From aquaponic agriculture and solar-powered "rain-making" panels to energy saving eco-homes, the latest environmental projects at Sharjah Research, Technology and Innovation Park offer a glimpse into the future of the UAE.
Water and environmental technologies are two of the six key research projects attracting collaborations between scientists, researchers and students from the American University of Sharjah. Transport, construction, big data and renewable technologies are other key areas of research, but it is the park’s farm and eco-estate that are attracting the most attention.
Anshu Santosh, a farm manager from India at the park, specializes in managing sustainable agriculture. “We mainly grow lettuce, leafy greens, tomatoes, chillies and beetroot,” she said. “We have a fully indoor growing area of vertical farms to allow us to grow crops year round, even at the height of summer".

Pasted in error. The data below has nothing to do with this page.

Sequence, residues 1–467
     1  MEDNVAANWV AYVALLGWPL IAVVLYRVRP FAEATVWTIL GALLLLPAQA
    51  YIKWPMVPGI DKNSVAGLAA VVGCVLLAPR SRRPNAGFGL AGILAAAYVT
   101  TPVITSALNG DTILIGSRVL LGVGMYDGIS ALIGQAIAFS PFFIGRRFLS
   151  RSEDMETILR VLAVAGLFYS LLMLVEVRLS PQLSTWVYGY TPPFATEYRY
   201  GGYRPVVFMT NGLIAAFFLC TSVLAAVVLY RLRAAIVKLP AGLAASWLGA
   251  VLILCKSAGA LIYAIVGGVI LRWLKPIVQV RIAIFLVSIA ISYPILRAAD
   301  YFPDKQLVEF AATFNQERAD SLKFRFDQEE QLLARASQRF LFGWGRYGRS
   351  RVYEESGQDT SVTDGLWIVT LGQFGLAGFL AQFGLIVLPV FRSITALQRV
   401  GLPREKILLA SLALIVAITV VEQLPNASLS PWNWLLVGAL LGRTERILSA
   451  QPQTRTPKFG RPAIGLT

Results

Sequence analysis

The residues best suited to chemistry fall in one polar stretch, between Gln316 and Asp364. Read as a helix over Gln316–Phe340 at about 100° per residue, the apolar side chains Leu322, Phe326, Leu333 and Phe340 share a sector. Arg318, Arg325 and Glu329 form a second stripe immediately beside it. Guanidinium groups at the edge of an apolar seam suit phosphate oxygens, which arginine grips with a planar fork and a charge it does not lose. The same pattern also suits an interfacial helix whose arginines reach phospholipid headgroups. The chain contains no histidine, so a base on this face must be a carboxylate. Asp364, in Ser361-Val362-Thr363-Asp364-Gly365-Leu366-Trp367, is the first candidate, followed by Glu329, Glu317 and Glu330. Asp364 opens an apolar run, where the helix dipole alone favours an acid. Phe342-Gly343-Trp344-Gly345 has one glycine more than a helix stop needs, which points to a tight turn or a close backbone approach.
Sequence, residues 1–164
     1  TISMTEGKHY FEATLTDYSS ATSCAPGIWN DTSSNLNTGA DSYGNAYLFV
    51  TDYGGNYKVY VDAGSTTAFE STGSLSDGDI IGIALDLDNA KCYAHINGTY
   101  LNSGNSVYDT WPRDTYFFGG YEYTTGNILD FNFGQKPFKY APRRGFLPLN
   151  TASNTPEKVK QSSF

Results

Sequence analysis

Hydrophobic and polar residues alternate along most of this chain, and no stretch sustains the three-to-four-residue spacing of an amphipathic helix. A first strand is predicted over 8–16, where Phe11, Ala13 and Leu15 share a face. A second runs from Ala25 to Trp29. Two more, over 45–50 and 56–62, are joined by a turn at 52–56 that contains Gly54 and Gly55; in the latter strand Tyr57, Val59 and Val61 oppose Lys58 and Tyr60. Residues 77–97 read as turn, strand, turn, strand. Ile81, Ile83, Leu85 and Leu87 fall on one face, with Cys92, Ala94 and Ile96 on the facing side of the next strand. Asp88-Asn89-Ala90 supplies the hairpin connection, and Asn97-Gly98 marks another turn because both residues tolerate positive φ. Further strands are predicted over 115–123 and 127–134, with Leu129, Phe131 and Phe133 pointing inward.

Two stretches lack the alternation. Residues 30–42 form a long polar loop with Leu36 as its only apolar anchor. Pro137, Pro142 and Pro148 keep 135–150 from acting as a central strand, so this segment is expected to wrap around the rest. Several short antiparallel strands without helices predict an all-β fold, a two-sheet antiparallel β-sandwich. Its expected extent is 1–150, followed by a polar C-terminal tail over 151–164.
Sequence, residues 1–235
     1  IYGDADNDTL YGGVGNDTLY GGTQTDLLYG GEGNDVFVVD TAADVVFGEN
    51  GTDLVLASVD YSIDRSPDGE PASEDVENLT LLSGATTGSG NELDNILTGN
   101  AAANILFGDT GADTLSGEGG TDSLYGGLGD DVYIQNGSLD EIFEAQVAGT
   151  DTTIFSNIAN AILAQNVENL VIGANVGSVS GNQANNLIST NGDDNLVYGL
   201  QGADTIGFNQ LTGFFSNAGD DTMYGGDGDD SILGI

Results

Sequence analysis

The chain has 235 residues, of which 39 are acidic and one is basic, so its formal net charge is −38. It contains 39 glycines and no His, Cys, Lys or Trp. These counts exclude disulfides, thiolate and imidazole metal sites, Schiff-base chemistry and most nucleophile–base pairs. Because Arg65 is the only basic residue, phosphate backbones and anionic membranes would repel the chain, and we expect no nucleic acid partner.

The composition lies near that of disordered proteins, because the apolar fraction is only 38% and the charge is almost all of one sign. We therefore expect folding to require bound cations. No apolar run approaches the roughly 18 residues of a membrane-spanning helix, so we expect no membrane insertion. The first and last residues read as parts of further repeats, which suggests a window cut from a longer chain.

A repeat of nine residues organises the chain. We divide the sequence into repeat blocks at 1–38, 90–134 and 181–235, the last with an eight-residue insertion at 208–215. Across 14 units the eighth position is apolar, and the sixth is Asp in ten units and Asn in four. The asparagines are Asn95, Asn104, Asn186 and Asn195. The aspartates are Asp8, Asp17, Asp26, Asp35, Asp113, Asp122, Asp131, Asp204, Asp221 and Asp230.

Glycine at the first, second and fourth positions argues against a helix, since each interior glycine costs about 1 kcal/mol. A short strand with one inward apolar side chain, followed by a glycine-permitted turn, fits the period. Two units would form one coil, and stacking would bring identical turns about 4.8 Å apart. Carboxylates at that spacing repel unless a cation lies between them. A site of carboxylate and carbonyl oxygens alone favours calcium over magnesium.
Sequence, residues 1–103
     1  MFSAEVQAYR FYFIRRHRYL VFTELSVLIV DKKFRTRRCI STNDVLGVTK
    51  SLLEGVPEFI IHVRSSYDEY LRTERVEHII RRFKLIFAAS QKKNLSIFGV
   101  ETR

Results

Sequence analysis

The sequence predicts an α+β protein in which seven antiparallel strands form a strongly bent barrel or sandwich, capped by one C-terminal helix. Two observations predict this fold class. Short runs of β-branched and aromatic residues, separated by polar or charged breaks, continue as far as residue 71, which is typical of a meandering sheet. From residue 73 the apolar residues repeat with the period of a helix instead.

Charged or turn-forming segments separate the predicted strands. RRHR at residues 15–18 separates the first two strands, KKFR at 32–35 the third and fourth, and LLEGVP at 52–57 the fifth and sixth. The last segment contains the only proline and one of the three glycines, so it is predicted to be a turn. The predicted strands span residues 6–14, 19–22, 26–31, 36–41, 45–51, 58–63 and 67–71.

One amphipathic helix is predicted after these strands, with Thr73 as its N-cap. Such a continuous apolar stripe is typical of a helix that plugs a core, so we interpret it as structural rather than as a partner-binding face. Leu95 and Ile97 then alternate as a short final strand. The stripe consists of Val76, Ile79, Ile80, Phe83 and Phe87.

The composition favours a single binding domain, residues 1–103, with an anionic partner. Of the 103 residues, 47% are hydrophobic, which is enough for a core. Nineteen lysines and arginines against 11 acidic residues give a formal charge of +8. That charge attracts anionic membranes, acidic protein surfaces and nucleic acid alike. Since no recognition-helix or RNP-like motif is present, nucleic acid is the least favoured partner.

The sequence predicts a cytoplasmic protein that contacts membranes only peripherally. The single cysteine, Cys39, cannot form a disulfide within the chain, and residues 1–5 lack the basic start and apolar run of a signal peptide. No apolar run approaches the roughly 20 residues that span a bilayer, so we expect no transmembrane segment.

Aquaponics is a more sustainable way of farming, using fish waste to fertilize crops without using soil. The fish release waste that drains into a swirl filter tank. The water rotates and deposits sediment. The clean water then re-circulates back to the plants.
The process allows natural bacteria to convert the ammonia from the fish waste into nitrates to add nutrients to the plants.